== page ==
Consumers still optimistic, but more cautious over finances
Summer sales and holiday plans helped keep consumer sentiment steady last month, even if there was a more cautious assessment of household finances.
There was a small drop in numbers reporting stronger household finances in the past year, and a slight increase in numbers expecting weaker household finances in the coming year, according to the latest KBC Bank/ESRI Consumer Sentiment Index. The index stood at 105.1 in July, effectively unchanged from the June reading of 105, but that marginal increase means last month's results were the strongest since February 2016.
Although the overall sentiment index was essentially unchanged, there were some differing compositional impacts from the index of current conditions and the index of consumer expectations, said the Esri's Daniel Foley.
"Consumers appear more positive about the present economic conditions and have some reservations about future developments.
"Expectations for developments over the next 12 months were somewhat mixed, with a less optimistic view of the general economy but improving expectations on the labour market.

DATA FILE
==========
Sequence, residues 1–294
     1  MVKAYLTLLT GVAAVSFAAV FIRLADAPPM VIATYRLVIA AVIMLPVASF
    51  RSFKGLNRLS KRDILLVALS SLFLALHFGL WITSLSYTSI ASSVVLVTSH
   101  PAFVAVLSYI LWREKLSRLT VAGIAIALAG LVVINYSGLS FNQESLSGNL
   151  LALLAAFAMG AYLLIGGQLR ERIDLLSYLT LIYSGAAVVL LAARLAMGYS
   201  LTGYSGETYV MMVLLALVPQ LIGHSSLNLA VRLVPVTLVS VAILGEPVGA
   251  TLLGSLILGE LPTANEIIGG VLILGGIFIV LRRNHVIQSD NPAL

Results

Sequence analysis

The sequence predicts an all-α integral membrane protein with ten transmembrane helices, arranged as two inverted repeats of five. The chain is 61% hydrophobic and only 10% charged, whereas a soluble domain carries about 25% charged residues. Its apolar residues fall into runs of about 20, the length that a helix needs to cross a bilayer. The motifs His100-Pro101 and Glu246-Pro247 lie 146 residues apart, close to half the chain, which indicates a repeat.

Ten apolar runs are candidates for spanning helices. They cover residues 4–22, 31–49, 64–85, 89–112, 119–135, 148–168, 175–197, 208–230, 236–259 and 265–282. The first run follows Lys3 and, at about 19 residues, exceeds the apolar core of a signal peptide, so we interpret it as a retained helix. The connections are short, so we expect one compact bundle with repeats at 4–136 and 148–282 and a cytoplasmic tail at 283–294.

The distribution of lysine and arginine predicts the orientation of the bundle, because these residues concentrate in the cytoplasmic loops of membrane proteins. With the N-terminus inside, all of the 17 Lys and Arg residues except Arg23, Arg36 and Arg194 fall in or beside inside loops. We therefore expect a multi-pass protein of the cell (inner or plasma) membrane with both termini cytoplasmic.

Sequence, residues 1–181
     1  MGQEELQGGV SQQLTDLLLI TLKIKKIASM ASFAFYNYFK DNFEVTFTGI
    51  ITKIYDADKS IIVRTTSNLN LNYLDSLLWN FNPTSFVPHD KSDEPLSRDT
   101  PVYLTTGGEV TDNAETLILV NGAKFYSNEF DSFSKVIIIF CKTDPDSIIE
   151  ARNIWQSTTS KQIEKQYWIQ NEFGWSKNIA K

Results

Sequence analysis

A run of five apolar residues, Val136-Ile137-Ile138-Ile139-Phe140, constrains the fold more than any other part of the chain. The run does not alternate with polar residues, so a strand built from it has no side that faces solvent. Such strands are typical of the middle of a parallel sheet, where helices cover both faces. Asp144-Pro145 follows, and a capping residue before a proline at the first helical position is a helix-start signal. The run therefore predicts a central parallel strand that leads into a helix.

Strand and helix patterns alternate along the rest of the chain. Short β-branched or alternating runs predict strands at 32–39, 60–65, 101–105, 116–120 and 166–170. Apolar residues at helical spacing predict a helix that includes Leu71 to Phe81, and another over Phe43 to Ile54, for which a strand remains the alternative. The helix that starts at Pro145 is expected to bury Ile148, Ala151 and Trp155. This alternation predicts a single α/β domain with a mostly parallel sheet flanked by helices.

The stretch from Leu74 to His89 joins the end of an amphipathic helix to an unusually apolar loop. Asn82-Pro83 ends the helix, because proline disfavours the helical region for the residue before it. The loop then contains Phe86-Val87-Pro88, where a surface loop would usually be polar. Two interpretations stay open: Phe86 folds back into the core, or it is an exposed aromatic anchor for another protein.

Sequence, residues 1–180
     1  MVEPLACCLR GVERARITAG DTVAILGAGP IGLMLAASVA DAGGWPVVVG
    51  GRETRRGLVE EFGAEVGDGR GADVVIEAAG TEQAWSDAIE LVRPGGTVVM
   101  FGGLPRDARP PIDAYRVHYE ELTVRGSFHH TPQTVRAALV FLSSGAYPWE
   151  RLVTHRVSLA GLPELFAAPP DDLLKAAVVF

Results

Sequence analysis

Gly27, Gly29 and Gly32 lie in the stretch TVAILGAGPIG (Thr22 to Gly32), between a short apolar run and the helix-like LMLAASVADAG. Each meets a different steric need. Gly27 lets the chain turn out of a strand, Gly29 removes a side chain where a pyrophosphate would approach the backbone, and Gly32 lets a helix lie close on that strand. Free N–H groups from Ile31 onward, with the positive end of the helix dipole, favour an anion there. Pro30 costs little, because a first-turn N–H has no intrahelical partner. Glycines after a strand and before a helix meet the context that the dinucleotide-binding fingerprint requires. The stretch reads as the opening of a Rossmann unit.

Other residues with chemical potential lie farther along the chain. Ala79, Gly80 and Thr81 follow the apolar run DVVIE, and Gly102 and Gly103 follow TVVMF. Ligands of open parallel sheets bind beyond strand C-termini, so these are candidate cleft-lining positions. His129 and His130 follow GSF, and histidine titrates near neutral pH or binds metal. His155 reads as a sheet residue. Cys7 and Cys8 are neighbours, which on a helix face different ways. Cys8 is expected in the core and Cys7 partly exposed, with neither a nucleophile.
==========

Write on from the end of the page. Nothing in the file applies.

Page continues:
"This may be balancing future economic uncertainties against the strong performance in terms of job creation."
An analysis compiled by Austin Hughes, of KBC, said that the positive sentiment reading for July contrasted with weaker results for comparable surveys elsewhere, as consumers in these jurisdictions re-evaluated their situations and their prospects.
"In the case of Ireland, our sense is that Irish consumers had braced themselves for some fallout from Brexit and/or changed US economic policies, but the first half of 2017 has proven notably less traumatic for the Irish economy than may have been feared," Mr Hughes said.
While Irish consumers remained more confident about the general economic outlook and the prospects for employment in July, they were a little more cautious about their own personal finances than they were in June.
"Our sense is that this reflects limited income growth, and the perception that they are not sharing adequately in the widely heralded economic recovery," Mr Hughes added.